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The recent eruption of Eyjafjjoell Volcano in Iceland produced 210 kilotons of ash and 15.1 kilotons of sulphur di-oxide, which rose to an altitude of 9500 metres. This eruption was considered relatively small by vulcanologists.

There have been many notable volcanic eruptions that have had significant effects on human history. In the Bronze Age, an eruption in the islands of Santorini in the Aegean Sea destroyed the Minoan civilisation and gave rise to the legend of Atlantis. In approximately 180 AD, Taupo in New Zealand erupted so violently that fiery red skies produced by its ash were recorded in China and Rome. The eruption of Mt Tambora in Indonesia in 1815 produced so much ash and sulphur dioxide that sunlight was filtered out and world wide weather patterns were disrupted, as a consequence in the Northern Hemisphere, 1816 was called the year without a summer. A cataclysmic eruption in the island of Krakatoa in 1883 blew two thirds of the island (21 cu kms) into the atmosphere, the sound of the blast could be heard in Perth, the magnitude of energy released by the blast was estimated at 200 megaton of TNT (as a comparison the Hiroshima atomic bomb was about 20 kilotons of TNT) and tsunamis of up to 40 metres were produced.

The most significant eruption for humans predates recorded history. The Toba supereruption occurred in Indonesia approximately 74,000 years ago. This was an eruption of catastrophic proportions, which produced major ecological and climatic change throughout the world. It is estimated that only 10,000 humans survived the impacts of this supervolcano . There is a theory that this catastrophe produced a genetic bottleneck in human evolution, which caused the low numbers of humans surviving in isolated refuges to differentiate abruptly into modern races. 


The basic reason volcanoes occur is that pressurised molten rock (magma) erupts through a weak point in the Earth’s surface. Gases, debris, magma and ash are projected through the rupture.  

These weak spots are a result of three main types of geological activity. Tectonic plates are huge slabs of the Earth’s crust which are rigid but float on the hotter softer layer of the Earth’s mantle, these plates move continuously and independently. If the plates are sliding along beside each other the surface is stable, but if the plates are pulling apart (diverging) or pushing together (converging) then weak spots in the surface are created. This is why boundaries of tectonic plates experience volcanoes and earthquakes, the most active being the Pacific Rim of Fire. Volcanoes can also be found away from tectonic plate boundaries at hotspots where the surface is stretched or thin.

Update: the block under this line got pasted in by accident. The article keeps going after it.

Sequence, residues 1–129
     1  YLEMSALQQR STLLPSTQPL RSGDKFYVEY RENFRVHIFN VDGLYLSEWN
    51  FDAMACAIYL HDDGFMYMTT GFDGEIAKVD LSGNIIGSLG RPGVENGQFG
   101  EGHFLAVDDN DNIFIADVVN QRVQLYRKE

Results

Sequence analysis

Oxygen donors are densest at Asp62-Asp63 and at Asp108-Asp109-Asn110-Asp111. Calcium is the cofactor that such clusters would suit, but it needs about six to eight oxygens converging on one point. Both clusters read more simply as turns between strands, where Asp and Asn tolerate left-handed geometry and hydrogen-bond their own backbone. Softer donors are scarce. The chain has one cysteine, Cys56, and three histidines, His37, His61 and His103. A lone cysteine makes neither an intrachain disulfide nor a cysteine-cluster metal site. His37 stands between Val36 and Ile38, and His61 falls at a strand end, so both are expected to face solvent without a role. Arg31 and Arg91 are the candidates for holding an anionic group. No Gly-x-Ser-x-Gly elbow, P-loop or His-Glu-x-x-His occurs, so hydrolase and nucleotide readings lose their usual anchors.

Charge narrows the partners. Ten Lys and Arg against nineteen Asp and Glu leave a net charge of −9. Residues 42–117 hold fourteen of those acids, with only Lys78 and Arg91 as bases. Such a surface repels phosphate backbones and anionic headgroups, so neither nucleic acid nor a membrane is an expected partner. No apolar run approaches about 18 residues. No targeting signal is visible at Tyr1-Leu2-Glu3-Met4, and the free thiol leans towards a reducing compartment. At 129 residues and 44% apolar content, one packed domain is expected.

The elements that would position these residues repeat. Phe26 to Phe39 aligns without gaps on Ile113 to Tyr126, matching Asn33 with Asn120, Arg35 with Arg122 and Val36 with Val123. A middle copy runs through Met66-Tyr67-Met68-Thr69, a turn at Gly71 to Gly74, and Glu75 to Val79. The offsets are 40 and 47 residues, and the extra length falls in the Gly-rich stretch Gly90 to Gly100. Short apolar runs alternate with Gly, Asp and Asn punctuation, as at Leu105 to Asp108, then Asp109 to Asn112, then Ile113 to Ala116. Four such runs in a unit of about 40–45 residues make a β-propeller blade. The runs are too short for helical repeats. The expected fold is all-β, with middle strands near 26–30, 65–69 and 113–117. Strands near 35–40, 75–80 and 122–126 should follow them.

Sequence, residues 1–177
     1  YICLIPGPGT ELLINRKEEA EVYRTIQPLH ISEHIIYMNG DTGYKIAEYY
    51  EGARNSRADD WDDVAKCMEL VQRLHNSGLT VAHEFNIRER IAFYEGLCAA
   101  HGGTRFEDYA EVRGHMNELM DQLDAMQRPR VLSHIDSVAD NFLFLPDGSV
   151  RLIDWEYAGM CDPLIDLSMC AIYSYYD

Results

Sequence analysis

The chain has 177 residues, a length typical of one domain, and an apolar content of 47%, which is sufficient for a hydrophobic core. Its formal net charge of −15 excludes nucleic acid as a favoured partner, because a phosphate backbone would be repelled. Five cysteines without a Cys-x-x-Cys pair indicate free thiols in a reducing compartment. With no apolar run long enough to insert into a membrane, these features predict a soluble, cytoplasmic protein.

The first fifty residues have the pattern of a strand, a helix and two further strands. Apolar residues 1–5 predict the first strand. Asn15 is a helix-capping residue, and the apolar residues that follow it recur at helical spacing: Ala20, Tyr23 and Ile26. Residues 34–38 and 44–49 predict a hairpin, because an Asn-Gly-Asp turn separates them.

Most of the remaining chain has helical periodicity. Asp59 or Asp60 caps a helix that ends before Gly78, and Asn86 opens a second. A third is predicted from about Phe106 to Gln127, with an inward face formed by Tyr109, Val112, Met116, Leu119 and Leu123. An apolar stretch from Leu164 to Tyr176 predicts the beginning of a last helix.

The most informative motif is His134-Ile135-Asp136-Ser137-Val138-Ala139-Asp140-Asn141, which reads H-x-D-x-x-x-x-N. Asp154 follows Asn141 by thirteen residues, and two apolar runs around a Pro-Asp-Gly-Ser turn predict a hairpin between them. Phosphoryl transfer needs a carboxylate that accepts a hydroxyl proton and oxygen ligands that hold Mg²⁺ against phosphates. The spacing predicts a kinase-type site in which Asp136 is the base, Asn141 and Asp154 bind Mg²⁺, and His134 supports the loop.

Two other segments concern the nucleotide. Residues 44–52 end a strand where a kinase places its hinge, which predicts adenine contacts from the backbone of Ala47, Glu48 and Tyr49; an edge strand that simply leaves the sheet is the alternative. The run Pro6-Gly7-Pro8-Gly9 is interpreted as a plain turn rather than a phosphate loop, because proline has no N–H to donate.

The Earth’s largest volcanoes, such as the Tweed Volcano, predate humans. The plateau of Tamborine Mountain is actually the northern limit of a vast dome of lava produced by this ancient colossus twenty million years ago.

Fortunately for us the Tweed Volcano is well and truly extinct.

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Why does attentiveness to nature matter? In a very fundamental sense, we are what we pay attention to. Paying heed to beauty, grace, and everyday miracles promotes a sense of possibility and coherence that runs deeper and truer than the often illusory commercial, social "realities" advanced by mainstream contemporary culture. ... Our attention is precious, and what we choose to focus it on has enormous consequences. What we choose to look at, and to listen to--these choices change the world. As Thich Nhat Hanh has pointed out, we become the bad television programs that we watch. A society that expends its energies tracking the latest doings of the celebrity couple is fundamentally distinct from one that watches for the first arriving spring migrant birds, or takes a weekend to check out insects in a mountain stream, or looks inside flowers to admire the marvelous ingenuities involved in pollination. The former tends to drag culture down to its lowest commonalities; the latter can lift us up in a sense of unity with all life. The Way of Natural History, edited by Thomas Lowe Fleischner and published by Trinity University Press (Texas)